SINGAPORE (ICIS)--Asia’s monoethylene glycol (MEG) prices surged to their highest in nearly six months on tight supply amid cuts in regional output and hurricane-related plant shutdowns in the US.
Spot discussions on Wednesday morning increased to $480-490/tonne CFR (cost & freight) CMP (China Main Ports), up from the closing prices of $475-480/tonne CFR CMP on 1 September.
Supply in Asia has tightened as major MEG producers were running their units at reduced rates to cope with eroded margins amid strong prices of feedstock naphtha.
Spot naphtha prices have risen above $400/tonne CFR Japan since late August, resulting in either meager or no margins for MEG producers.
A major South Korean producer has postponed the restart of its MEG unit from maintenance given poor margins.
“Feedstock prices are still high, so we will maintain [operating rates] at 70-75% in the near term,” a Taiwanese producer said.
Furthermore, the unplanned plant shutdowns in the US have exacerbated global MEG supply tightness.
More than a third of US MEG production capacity have declared a force majeure in the wake of Hurricane Laura.
The US is a major exporter of MEG, but currently could not supply enough cargoes to Europe, which could start seeking cargoes from Asia amid an open arbitrage window, market sources said.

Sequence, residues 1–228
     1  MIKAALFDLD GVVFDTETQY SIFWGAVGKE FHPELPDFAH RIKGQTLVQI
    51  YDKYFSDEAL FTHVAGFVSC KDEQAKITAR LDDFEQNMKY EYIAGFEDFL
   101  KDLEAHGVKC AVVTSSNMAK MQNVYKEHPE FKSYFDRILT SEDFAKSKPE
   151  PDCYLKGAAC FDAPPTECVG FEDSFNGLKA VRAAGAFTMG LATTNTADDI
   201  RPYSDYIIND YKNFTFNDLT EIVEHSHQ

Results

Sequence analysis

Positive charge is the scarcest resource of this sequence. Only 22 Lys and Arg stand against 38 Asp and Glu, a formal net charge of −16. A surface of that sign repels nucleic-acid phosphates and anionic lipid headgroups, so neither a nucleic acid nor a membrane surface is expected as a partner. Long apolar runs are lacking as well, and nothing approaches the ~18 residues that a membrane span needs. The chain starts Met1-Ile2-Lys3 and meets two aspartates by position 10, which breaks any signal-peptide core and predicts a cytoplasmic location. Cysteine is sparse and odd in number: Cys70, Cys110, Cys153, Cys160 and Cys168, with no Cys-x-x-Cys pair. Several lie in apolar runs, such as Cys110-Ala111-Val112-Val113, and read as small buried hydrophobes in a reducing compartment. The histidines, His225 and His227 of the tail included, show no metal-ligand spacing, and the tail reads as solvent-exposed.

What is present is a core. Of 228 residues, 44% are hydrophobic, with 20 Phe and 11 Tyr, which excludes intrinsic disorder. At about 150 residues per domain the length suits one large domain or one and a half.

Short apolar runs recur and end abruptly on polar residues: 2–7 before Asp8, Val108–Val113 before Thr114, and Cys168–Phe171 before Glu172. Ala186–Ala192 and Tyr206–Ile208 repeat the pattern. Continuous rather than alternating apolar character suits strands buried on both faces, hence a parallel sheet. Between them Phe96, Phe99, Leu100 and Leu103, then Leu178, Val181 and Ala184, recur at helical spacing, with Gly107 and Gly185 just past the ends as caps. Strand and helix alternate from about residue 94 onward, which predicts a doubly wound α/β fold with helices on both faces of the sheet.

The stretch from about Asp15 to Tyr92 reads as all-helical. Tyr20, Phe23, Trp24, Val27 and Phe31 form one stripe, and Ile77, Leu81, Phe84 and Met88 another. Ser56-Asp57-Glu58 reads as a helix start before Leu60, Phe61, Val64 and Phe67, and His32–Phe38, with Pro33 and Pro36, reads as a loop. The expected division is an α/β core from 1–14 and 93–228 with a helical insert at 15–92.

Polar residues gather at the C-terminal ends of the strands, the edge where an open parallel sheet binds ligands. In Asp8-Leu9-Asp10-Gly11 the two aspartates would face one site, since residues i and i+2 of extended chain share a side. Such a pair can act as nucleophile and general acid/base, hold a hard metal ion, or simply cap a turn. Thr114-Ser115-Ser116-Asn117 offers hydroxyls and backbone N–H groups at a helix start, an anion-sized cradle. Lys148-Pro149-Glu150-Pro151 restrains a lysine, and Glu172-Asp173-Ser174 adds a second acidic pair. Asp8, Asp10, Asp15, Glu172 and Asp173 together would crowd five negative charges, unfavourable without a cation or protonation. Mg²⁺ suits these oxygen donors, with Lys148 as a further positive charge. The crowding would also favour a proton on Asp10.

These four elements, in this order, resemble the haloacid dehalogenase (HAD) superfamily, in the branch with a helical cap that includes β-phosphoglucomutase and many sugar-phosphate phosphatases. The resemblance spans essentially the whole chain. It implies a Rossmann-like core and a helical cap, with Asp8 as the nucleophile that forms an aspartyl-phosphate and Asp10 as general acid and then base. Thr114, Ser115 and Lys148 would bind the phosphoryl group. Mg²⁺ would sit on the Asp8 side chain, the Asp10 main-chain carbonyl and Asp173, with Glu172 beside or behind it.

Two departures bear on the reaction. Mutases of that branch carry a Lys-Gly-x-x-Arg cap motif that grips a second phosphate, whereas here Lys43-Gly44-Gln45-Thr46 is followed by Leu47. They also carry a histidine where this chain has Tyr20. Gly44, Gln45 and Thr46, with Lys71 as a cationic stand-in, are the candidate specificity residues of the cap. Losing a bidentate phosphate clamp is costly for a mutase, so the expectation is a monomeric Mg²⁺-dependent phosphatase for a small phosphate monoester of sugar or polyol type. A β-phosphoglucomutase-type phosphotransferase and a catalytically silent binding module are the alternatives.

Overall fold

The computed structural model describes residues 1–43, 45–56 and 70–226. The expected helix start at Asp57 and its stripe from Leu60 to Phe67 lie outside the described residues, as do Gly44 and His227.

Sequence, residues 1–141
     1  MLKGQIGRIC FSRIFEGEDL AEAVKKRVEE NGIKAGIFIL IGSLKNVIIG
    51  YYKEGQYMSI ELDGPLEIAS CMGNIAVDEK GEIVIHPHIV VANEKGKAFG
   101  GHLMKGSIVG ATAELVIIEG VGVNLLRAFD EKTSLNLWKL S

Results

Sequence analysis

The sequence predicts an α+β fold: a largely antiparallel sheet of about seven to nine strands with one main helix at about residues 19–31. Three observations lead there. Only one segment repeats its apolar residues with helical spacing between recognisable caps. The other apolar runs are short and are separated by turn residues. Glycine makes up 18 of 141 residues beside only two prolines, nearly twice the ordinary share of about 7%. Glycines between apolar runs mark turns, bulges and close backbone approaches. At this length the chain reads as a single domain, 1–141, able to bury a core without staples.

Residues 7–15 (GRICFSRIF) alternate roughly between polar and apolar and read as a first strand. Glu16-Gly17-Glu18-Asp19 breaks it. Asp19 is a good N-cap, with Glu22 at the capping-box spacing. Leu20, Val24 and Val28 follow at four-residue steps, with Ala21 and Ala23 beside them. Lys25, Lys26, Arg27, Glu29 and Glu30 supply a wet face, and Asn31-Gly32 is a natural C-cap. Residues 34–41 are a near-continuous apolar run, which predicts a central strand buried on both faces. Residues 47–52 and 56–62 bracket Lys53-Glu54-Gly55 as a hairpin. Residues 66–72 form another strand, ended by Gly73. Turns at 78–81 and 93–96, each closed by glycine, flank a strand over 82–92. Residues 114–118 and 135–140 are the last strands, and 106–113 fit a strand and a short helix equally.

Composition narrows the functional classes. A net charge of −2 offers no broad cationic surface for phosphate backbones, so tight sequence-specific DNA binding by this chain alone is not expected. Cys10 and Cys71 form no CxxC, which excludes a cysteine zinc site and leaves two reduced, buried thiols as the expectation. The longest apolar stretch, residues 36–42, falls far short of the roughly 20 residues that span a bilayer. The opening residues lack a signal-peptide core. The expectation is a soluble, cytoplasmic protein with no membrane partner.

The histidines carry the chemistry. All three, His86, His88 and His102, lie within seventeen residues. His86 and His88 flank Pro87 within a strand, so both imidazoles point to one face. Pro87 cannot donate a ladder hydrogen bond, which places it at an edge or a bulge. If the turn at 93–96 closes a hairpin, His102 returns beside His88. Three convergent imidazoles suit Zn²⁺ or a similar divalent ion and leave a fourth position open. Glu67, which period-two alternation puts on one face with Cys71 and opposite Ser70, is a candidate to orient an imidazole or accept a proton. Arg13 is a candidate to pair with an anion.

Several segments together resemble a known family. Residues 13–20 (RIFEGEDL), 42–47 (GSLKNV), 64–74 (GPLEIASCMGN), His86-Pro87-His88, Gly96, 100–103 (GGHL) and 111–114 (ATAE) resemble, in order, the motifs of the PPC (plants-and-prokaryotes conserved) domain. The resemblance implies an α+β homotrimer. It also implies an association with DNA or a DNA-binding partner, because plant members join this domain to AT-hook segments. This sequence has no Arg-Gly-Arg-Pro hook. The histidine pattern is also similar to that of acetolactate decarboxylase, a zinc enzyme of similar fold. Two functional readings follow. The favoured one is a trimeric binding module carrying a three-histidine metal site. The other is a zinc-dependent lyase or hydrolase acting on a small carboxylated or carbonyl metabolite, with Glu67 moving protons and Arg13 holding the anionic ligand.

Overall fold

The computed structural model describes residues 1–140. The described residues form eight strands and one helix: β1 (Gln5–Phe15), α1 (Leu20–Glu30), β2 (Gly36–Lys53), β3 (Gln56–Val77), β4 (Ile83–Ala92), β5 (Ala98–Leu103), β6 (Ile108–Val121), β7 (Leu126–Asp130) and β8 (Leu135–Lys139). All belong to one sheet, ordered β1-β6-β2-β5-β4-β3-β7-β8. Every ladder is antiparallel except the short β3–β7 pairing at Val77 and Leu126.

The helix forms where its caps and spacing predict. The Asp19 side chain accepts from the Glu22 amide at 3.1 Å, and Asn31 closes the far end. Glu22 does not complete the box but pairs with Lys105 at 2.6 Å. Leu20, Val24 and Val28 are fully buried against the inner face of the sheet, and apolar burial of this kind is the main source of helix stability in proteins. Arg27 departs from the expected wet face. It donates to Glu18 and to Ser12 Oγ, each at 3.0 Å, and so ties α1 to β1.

“This will tighten the Asia supply again,” the trader said.
“US exported many cargoes this year to China, but the exports will drop in the second half of the year given the upcoming heavy turnarounds, on top of the recent plant shutdowns hit by the hurricane,” a regional trader said.
MEG demand in Asia is due for a seasonal pick up in September and October.
“Downstream polyester plants are running at higher rates in anticipation of rising restocking activities this month and next month,” a separate trader said.
MEG supply is expected to get a boost in the near term, with two new plants with a total capacity of 900,000 tonnes/year due to start up in late September or October.
“We are still cautious because new capacities are coming up,” a downstream polyester producer said.
Focus article by Judith Wang
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